AftershockVibe wrote:
Relatedly:
The reason why small time benefit fraud exists in general in the UK is because it would cost more to "police" it than it would just to let it happen. While this may not be empirically fair, it makes sense. This case is slightly different though because of the scale and pride taken by the family.

Again, what “fraud” was committed? It sounds like the disgust stems from the fact that the family was honest in their lack of ‘gratitude’. But why should they be grateful if this is a ‘right’? If something is a right there is no reason to feel gratitude toward someone for granting it, and the family (and I suspect many more) have come to believe this portion of liberal/progressive ideology.

AftershockVibe wrote:
Also, while it doesn't make a difference to the greed itself, I strongly suspect the article is making up figures for greater impact. For example, it is not stated whether any of their children have jobs. Anyone over 16 and not in full time education would be expected to.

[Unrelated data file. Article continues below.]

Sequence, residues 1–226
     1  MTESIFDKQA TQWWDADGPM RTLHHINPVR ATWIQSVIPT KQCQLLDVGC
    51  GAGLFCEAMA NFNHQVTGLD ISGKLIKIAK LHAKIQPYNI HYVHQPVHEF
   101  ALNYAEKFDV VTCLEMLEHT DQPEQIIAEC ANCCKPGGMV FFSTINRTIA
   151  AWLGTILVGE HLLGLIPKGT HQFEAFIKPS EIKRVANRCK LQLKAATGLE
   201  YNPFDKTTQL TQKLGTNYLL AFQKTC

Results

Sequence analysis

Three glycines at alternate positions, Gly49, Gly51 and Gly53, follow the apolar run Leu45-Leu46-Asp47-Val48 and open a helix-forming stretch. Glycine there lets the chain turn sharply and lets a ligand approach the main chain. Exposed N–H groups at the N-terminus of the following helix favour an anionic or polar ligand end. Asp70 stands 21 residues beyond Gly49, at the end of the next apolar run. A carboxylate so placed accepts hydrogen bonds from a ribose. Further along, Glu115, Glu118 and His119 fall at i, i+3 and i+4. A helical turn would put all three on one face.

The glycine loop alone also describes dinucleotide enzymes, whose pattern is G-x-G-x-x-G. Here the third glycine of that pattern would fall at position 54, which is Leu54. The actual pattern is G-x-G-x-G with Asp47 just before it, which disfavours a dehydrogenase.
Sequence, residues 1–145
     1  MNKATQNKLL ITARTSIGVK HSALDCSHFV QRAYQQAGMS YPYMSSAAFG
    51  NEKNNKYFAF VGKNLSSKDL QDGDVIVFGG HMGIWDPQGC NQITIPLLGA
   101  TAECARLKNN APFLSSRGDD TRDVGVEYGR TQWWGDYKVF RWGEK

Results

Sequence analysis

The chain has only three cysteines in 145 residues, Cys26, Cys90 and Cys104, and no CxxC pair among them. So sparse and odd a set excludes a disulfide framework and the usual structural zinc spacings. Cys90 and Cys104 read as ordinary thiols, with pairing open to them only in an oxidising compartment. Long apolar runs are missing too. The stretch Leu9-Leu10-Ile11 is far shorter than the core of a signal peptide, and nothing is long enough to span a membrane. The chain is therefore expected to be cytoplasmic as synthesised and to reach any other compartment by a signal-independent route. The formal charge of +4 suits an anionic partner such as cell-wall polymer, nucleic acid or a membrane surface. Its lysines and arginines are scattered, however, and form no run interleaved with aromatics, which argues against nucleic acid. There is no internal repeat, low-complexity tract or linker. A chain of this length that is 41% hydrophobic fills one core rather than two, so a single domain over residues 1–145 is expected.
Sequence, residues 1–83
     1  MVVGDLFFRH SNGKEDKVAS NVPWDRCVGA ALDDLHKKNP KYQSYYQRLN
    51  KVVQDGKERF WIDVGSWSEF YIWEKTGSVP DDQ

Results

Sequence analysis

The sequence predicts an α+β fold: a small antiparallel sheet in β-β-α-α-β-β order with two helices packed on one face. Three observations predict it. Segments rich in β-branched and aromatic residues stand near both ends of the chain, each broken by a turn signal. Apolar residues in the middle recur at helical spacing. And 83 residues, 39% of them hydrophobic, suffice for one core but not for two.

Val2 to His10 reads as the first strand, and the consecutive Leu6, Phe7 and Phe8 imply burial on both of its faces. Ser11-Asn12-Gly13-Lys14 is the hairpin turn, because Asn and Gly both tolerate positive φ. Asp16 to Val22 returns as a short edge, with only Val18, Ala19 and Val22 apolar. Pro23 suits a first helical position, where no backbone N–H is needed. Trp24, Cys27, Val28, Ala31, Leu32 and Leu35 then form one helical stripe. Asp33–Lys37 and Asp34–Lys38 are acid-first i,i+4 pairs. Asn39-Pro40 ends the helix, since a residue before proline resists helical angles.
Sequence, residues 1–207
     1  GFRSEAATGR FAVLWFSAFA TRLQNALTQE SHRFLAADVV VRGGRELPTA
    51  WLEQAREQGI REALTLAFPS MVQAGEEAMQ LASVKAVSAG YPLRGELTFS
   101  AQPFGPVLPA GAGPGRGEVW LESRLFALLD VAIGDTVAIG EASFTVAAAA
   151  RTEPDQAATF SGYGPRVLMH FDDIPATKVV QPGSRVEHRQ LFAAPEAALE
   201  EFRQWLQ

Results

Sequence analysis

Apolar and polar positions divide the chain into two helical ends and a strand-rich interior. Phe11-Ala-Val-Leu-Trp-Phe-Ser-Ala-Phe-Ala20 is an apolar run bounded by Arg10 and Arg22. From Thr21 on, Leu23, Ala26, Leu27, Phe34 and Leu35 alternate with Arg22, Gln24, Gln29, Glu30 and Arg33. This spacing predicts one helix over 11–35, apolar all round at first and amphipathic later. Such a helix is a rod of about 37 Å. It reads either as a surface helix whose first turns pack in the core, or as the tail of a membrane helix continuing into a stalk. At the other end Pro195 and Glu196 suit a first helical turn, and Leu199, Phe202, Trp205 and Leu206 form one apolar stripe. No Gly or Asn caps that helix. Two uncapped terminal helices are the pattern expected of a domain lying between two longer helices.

If they do have jobs then it isn't true that every present under the tree is paid for by the tax payer. If they don't then this would of course cut massively into the single hypothetical £51K "job". 4 people's benefits (mother, father + 2 children) = 4 "jobs" at £13K each which is roughly minimum wage. Still too much, but not quite as shocking though is it?

Perhaps. But unless there is contradictory evidence, I would take the report at face value instead of trying to attack the reporter of “making up numbers.” But once again, I think it’s displaced anger to blame the reporter (or the family) when presented the result of foolish policy instead of the policy itself.
AftershockVibe
jmi256 wrote:
How exactly are they “gaming the system”? The system was set up to ‘reward’ this behavior and these people took the opportunity. It’s interesting that you would attack the people who have used the system as it was designed, yet fail to fault the system that makes this possible.